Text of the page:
Our kids mostly use the 1000D now as we got a 7D in February. The 7D is a touch heavy for my daughters to use (12 and 10).

    Good luck with your photography. It's a great hobby to have (it can get kinda pricey, however).
     
  8. TheSVD macrumors 6502a

    TheSVD

    Joined:
    Sep 3, 2008
    Location:
    The Jolly Ol' Midlands, England
    #8
    Hey man, good to hear you want to get into photography!

    the 1000d is a great starter camera, it's what I started out with! get it with the kit lens and the £99 50mm 1.8, I really really recommend that lens!

    If you want video, then get a 550d, you can get them fairly cheap now! It's what I upgraded to from my 1000d exactly one year later (birthdays :D) and I've been getting along great with it, the video is fantastic and we're actually shooting a film over the summer now :)

    You should definitely get either of these, (with the kit lens & 50mm 1.8) or PM me if you want more user feedback for both!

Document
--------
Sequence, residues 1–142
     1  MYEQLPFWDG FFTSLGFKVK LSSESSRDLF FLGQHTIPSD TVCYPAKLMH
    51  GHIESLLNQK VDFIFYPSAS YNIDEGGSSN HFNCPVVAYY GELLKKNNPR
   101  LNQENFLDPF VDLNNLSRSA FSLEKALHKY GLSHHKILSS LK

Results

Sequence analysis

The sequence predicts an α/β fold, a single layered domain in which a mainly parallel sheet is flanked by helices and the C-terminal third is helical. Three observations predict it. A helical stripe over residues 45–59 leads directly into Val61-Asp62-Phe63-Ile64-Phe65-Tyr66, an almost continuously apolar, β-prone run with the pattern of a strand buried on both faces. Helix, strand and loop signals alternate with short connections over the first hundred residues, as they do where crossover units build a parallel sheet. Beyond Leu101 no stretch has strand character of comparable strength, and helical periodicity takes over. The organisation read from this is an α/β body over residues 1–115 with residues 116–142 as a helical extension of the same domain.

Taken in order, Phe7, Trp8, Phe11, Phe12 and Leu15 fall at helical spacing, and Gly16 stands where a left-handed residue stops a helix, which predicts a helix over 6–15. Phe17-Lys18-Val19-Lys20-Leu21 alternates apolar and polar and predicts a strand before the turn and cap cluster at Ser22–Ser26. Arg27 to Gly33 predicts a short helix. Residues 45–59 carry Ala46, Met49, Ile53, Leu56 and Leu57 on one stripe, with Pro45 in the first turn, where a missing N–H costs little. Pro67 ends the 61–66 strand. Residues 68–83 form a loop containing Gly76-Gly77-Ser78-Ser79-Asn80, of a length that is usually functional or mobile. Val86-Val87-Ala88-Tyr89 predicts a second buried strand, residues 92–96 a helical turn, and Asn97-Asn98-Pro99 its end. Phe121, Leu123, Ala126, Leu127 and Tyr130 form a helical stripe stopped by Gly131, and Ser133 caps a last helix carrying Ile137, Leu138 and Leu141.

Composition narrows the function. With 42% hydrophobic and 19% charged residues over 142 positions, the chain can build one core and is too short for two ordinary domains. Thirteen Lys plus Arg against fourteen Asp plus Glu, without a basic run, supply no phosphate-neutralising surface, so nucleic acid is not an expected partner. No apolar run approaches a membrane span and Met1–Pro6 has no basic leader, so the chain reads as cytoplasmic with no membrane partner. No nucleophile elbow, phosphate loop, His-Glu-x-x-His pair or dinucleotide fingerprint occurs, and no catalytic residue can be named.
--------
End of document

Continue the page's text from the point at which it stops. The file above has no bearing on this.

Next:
Where in the UK do you live out of interest?
     
  9. aoaaron thread starter macrumors 6502

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    Sep 4, 2010
    #9
    I live in Birmingham. Thanks for all the help guys. Time to get saving. :)

    I'm hoping to buy the camera in about a months time for the summer holidays to have a big of fun with it and depict the summer adventures. :D

    Any reccomended places to buy one on the cheap?
     
  10. Ryan1524 macrumors 65816

    Ryan1524

    Joined:
    Apr 9, 2003
    Location: